Dozens of senior UIC chemical engineering students capped off months of hard work, along with years of studying in the department, by showcasing their projects at the 30th annual UIC Engineering Design Expo.
The Expo, held this year on April 26, featured 14 teams of chemical engineering students who impressed attendees and judges with an extensive variety of projects and prototypes, including several clean energy and fuel production projects, an improved power plant model, a method to enhance the production of cancer fighting chimeric antigen receptor T-Cell therapies, and a new antifouling polymer that can be used for medical applications.
The chemical students joined with more than 700 college of engineering undergraduates to pack the Isadore and Sadie Dorin Forum in Chicago. The exhibition hall was full of young men and women who were eager to show off their work to the judges and other expo attendees. Each student at the expo completed the two-semester Senior Design Course that challenged them to solve a real-world design problem.
Five of the department’s teams were honored with awards from the judges, who represented many different areas of Chicago’s professional community.
The team of Kenil Gandhi, Sara Harris, Angelina Rackovic, and David Schulz were given the poster and prototype award for the chemical engineering department for their project “Carbon Dioxide to Methanol: A Solution to Pollution.” They also won the Green Carbon Dioxide Award for their cement plant design, which utilizes flue gas as a feedstock to lower overall CO2 emissions by converting the emissions into the industrial chemical methanol. The students noted CO2 is the most common abundant greenhouse gas with an estimated total of 49.3 gigatonnes emitted across the world in 2016. “With an aspiration to reduce environmental damage, it is our goal to make this process widespread, and commercially attractive,” the team said in its abstract.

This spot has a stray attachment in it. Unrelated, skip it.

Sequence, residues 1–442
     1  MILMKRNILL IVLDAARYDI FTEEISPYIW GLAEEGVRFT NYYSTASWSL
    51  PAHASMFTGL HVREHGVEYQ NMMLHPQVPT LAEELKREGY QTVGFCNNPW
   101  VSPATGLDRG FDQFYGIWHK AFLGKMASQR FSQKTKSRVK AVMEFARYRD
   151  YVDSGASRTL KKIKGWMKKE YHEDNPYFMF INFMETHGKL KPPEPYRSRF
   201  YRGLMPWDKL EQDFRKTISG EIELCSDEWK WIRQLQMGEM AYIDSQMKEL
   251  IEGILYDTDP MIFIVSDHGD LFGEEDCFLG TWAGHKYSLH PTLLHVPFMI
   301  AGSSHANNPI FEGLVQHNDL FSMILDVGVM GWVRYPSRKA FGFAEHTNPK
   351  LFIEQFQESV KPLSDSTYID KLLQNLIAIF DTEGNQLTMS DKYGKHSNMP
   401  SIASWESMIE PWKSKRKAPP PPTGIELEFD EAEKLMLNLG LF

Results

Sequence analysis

Emily Buhle, Joseph Kostenski, Corey Lawrence, and Matthew Wagener, won the Biofuel Engineering Award for their “NextGen Fuels: Waste Reduction to Biofuel Production” project. The team designed a biofuel plant that uses woodchips and sawdust put through a process called gasification, which turns organic or fossil fuel-based materials into carbon monoxide, hydrogen, and carbon dioxide. Those materials can then be used to create a biodiesel fuel blend.
The Bioprocess Engineering Award was taken home by Jenine Agoncillo, Sanjana Epari, Grzegorz Kokoszka, and Michael Shakro for their plan to build a polylactic acid production plant that produces PLA by means of fermentation. The team’s abstract, “Work Hard, PLA Hard: Biodegradable Plastics from Renewable Resources”noted humans use about 500 billion plastic bags per year, most of which end up in landfills or are incinerated. But by using PLA, a polymer that is biodegradable by hydrolysis, the team said it can diversify the plastics industry by providing a clean and biodegradable plastic alternative.
The Petrochemical Engineering Award went to Matthew McKinney, Katherine Milla, Matt Ryan, Michael Topalis, and David Wesolowski for their project titled “Hydrogen Fuel: The Way of the Future.” The students worked to design a hydrogen fuel required to source a novel fuel station in Germany for trains and hydrogen fuel cell cars. The students also looked at creating a carbon capture unit that would be able to catch more than 70 percent of all carbon dioxide generated by the process to create hydrogen fuel cells. “This plant will be an essential contributor to begin the transition to more efficient fuel sources in the European Region and will pave the way of the future,” the team said in their abstract.